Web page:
Chef Darren Teoh is not a complete stranger to Singapore though, he formerly worked with the Les Amis group here and recently came by in January as a guest chef at Ivan Brehm's Nouri.
At Dewakan, the chef constructs a modern Malaysian dining experience, using indigenous ingredients as his building blocks. These dishes are a deep dive into the nuances of Malaysian cuisine and cultures, the chef taking great care to understand the ingredients and the communities that he sources them from.
Here, the chef introduces us to five unique ingredients indigenous to Malaysia and what they look and taste like in his inventive modern cuisine.
"The kulim is a kind of forest garlic and is probably the most potent flavoured and scented item we have in the kitchen of late. My first experience with this was with the natives in Johor; a stew of chicken was cooked in bamboo over a slow fire with tapioca and other herbs. The fruit of the Kulim was not in season, so the matriarch used the leaves and the twigs. Passing the tree in the jungle gives the unmistakable scent of garlic. At Dewakan, we dry the fruit and turn it into a powder to use as a seasoning."
"The cendawan kukur has an intense flavour when dried. So we use this together with the dried Kulim as a seasoning. The mushroom has a tough woody texture, even when cooked and is usually used in traditional cooking braised."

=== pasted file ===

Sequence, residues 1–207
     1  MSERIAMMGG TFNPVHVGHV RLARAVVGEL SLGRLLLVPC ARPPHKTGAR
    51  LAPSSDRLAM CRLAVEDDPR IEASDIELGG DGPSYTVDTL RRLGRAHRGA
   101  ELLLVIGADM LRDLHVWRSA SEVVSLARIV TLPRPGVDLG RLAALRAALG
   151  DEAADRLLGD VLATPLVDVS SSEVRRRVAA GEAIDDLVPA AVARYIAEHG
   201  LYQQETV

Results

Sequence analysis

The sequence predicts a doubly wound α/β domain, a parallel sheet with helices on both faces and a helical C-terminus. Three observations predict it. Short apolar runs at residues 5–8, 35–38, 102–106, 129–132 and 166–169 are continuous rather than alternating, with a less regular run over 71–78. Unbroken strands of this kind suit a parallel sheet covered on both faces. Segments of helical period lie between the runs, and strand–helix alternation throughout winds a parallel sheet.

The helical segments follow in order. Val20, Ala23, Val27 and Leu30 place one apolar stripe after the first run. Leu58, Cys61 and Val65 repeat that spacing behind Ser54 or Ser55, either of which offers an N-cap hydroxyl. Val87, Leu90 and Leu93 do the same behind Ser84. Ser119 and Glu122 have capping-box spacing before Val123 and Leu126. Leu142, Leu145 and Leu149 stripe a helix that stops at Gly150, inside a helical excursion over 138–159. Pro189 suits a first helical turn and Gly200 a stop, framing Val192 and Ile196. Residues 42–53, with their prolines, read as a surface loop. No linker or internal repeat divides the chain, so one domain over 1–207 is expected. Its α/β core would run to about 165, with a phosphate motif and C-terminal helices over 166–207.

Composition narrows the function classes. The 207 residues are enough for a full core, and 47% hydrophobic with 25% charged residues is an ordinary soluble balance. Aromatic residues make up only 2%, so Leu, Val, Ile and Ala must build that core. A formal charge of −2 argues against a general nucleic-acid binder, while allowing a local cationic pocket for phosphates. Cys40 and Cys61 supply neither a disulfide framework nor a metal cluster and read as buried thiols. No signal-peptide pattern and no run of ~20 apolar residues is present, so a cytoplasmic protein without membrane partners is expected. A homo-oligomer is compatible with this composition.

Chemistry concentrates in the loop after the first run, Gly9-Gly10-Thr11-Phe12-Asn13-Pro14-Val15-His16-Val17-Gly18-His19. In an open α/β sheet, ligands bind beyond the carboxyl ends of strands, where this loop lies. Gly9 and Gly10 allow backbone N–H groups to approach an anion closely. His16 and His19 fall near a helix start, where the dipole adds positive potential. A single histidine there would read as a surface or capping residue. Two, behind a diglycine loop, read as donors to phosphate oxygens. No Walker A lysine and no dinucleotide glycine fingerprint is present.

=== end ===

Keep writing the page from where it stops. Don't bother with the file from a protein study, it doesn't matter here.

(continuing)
"It's commonly used as an ulam, eaten raw with a fresh sambal belacan. It is also often used in traditional medicinal preparations. We choose to transform this herb into an oil. We use it occasionally as a herb oil for specials, but we used to have it on our first menu on a a pre-dessert of yoghurt, roselle and the selom oil."
"A lesser known rhizome, often overshadowed by ginger or turmeric, the temu pauh has a fragrant green mango scent and is perfect for steeping to extract its flavour for broths. We use this on our current menu to flavour a fish broth for our snapper dish."
"We use mostly all of this plant except the rhizome. I am not a big fan of the taste of turmeric roots. But I am absolutely in love with the beautiful flavour and fragrance of the leaves and its flower (which is quite rare). Leaves are also used in our snapper dish as part of the fish broth infusion."